Check out Eliot Spitzer´s latest column for, published today. In it he briefly outlines a problem with the Federal Reserve Bank of New York: its lack of independence from Wall Street and the absence of representatives of "the public" on its board. The column mostly focuses on the board´s structural problems, but at the end Spitzer rattles off a list of alternative potential board members whose participation could improve the New York Fed´s impartiality.

First on the list is John Bogle, the founder of Vanguard Group, the mutual fund company. Bogle is retired and has maintained a reputation for judiciousness and patience. He now writes for his own Bogle Financial Markets Research Center. Also named were Barbara Roper, an official at the Consumer Federation of America; two former Securities and Exchange Commissioners, Harvey Goldschmid and Arthur Levitt; and Joseph Stiglitz, the Columbia University economics professor.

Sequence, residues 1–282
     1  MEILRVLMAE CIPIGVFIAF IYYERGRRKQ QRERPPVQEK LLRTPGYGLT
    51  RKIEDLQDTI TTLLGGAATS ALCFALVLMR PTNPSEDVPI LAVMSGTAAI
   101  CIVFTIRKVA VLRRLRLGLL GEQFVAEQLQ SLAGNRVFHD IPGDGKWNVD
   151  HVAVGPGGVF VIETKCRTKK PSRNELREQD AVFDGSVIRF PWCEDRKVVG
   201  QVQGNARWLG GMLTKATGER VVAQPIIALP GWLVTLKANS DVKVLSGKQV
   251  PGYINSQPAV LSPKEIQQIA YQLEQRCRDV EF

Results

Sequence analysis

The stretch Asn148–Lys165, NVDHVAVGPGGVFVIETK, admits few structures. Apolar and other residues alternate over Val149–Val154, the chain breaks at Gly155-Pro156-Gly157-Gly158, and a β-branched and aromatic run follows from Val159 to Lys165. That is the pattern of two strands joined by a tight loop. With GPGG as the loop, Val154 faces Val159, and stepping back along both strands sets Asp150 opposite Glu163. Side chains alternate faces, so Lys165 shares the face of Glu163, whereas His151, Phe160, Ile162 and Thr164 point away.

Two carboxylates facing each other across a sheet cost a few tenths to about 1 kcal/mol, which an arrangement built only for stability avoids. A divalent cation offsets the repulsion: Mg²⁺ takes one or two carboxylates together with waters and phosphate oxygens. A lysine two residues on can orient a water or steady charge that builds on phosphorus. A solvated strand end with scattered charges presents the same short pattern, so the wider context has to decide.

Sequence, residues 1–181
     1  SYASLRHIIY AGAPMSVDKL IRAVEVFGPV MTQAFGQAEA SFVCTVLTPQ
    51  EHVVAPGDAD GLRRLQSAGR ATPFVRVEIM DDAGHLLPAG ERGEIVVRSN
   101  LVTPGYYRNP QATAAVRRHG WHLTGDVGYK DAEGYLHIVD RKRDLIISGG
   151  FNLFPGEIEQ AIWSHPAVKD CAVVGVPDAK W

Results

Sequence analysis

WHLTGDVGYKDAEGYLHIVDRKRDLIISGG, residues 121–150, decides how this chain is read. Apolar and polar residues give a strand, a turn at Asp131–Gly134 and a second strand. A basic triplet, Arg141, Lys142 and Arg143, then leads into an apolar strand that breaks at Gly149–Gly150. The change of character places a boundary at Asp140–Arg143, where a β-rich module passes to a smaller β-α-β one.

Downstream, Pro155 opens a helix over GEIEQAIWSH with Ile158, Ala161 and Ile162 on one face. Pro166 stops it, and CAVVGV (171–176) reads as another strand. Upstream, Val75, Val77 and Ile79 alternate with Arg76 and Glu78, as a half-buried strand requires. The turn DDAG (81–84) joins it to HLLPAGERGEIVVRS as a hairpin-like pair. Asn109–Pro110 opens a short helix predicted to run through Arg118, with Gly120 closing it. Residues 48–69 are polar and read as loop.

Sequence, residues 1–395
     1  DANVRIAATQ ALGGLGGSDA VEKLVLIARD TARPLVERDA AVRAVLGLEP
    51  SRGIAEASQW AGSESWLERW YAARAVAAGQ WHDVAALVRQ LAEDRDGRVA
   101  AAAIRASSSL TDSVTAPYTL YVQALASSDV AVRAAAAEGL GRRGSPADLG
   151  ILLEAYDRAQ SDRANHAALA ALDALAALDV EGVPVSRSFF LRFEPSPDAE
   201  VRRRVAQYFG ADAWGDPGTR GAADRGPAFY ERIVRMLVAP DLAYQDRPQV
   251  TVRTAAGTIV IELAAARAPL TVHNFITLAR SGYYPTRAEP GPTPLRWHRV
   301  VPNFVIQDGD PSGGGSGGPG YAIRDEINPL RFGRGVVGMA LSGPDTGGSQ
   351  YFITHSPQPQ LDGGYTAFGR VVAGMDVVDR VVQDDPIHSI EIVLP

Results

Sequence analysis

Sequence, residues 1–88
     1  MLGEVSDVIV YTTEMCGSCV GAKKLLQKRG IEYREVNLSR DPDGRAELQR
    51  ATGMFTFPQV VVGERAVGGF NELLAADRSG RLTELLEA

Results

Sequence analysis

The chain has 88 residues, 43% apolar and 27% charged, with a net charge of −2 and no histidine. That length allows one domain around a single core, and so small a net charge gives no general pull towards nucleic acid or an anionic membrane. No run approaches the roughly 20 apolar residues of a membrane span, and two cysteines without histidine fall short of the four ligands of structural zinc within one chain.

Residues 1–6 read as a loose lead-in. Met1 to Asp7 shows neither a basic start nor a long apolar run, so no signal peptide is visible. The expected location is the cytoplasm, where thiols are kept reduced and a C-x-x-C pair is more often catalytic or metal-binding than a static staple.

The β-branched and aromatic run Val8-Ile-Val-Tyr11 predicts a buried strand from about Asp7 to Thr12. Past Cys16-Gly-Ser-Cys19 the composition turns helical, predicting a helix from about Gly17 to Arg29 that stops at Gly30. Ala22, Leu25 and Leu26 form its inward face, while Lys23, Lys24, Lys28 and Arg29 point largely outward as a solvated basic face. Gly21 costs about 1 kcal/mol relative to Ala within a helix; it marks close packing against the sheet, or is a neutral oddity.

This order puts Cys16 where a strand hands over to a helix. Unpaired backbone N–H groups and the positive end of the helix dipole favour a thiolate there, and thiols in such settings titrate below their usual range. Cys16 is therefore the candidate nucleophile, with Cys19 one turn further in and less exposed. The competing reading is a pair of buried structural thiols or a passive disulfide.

Spitzer is clearly looking for a more academic Fed system by pushing for a learned, analytical bunch. It´s a nice idea, and it makes sense: Get some theoreticians-who may or may not have market experience-to weigh in alongside the big Wall Street bankers.

Spitzer mentions that more than one of the New York Fed board seats is vacant right now. A new wave of appointments could and should take place immediately. If there aren´t some fresh faces among the crowd, it will be worth looking at even more drastic ways to revamp the system.